The Mississippi River is one of the longest rivers in the world. The search for its headwaters was not easy for early non-native explorers; in a region with such subtle changes in topography, it proved confusing. But for Native Americans who had been in the area for 8,000 years, the source was clear and they ultimately helped Henry Rowe Schoolcraft identify it in 1832.
One might assume that the word Itasca comes from a Native American word, but it is actually a combination of the Latin words “truth” and “head” (verITAS CAput) meaning “true head” coined by Schoolcraft. It was originally known as Elk Lake by Indians and traders.
While Schoolcraft had identified Lake Itasca as the source of the Mississippi, it was still debated in the late 1800s and Jacob V. Brower came to the park region to settle the dispute. A historian, anthropologist and land surveyor, he recognized the danger logging posed to the area and sought to preserve it. Through his efforts, the state legislature established Itasca as a Minnesota State Park on April 20, 1891, by a margin of only one vote. It became the first state park in the state.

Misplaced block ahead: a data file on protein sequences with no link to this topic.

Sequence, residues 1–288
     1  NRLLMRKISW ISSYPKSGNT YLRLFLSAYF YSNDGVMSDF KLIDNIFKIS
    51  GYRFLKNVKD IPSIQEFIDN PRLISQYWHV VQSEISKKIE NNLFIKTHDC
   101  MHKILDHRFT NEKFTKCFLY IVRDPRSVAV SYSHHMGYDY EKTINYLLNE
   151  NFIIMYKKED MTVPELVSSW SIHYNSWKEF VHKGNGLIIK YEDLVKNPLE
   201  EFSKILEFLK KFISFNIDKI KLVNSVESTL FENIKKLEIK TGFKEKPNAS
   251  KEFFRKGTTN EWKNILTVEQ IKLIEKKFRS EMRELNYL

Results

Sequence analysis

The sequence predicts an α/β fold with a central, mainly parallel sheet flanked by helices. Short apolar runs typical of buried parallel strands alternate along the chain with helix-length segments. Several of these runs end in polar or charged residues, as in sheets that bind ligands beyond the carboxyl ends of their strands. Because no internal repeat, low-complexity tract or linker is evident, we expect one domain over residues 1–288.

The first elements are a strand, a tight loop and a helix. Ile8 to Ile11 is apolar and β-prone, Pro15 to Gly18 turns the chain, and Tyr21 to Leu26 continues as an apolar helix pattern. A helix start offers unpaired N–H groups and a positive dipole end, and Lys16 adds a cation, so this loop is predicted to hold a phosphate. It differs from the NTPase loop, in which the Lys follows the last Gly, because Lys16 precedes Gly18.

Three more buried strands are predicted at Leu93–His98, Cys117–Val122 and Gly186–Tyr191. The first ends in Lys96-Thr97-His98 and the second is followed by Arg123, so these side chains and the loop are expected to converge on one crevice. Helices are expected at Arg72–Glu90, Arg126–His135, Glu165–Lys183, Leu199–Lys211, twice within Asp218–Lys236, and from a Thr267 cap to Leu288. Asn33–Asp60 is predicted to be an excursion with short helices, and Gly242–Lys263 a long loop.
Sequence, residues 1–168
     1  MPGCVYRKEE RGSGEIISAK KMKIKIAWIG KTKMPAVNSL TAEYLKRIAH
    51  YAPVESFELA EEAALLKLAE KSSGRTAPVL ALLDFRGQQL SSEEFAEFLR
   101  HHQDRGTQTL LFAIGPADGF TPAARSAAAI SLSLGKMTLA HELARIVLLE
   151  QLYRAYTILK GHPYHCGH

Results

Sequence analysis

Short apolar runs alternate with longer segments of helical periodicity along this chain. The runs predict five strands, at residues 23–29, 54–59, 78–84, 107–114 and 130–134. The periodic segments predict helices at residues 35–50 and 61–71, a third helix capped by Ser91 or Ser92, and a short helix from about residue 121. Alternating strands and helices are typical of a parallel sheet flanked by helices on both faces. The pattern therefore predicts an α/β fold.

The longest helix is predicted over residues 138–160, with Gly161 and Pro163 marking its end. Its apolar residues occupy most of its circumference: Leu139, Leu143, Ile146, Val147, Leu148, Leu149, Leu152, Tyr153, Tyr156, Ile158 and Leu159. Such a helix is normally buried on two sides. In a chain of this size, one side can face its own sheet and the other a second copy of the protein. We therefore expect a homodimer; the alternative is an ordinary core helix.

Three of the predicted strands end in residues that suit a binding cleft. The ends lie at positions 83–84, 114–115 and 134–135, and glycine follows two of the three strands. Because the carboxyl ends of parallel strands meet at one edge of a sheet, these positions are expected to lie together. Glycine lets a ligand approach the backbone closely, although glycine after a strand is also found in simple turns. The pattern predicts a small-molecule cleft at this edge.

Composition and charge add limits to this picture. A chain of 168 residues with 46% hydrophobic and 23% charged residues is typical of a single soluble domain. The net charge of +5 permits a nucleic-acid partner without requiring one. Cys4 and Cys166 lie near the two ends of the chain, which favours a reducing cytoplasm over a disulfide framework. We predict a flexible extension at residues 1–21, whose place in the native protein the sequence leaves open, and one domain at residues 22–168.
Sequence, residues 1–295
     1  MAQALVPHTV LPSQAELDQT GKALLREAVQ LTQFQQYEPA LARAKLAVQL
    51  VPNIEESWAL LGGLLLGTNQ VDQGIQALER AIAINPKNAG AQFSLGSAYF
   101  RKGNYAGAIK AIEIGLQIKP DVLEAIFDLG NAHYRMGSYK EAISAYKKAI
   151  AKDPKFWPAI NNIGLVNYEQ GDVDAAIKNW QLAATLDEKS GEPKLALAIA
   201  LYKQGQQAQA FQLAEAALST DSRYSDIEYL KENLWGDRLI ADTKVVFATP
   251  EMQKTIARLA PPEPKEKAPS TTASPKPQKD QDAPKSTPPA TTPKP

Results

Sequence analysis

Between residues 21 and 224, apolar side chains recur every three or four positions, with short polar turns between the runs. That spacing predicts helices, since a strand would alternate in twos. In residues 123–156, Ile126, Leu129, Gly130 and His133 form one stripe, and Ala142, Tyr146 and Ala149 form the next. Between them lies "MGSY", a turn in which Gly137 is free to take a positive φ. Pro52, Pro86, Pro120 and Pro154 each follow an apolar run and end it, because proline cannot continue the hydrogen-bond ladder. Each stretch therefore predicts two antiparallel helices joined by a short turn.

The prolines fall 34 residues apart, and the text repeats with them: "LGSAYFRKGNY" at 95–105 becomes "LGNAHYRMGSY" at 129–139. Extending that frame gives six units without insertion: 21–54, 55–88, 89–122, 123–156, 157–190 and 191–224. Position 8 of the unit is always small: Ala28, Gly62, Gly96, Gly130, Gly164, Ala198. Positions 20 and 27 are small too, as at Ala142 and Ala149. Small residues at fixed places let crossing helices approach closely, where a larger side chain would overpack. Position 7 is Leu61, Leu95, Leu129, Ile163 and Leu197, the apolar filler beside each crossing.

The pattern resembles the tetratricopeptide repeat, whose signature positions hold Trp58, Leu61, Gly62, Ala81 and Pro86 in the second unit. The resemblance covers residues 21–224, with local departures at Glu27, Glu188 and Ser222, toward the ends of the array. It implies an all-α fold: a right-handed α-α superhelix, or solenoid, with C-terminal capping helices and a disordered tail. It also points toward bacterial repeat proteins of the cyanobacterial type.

The channel as it emerges from the lake was made by the Civilian Conservation Corps in 1930s to enhance the visitor experience. The surrounding swamp was drained, a new channel was dug and the man-made rock rapids were made. This is still popular with visitors today.
I shutter to think just how many people simply do not know where the Mississippi comes from – great pix.
Thanks! Hopefully fewer after this post! 😉
[…] Minnesota resident, he gained fame in the state for being the first white explorer to officially locate the source of the Mississippi River after the Ojibwa showed him its origins. Based on his journals, it is believed that […]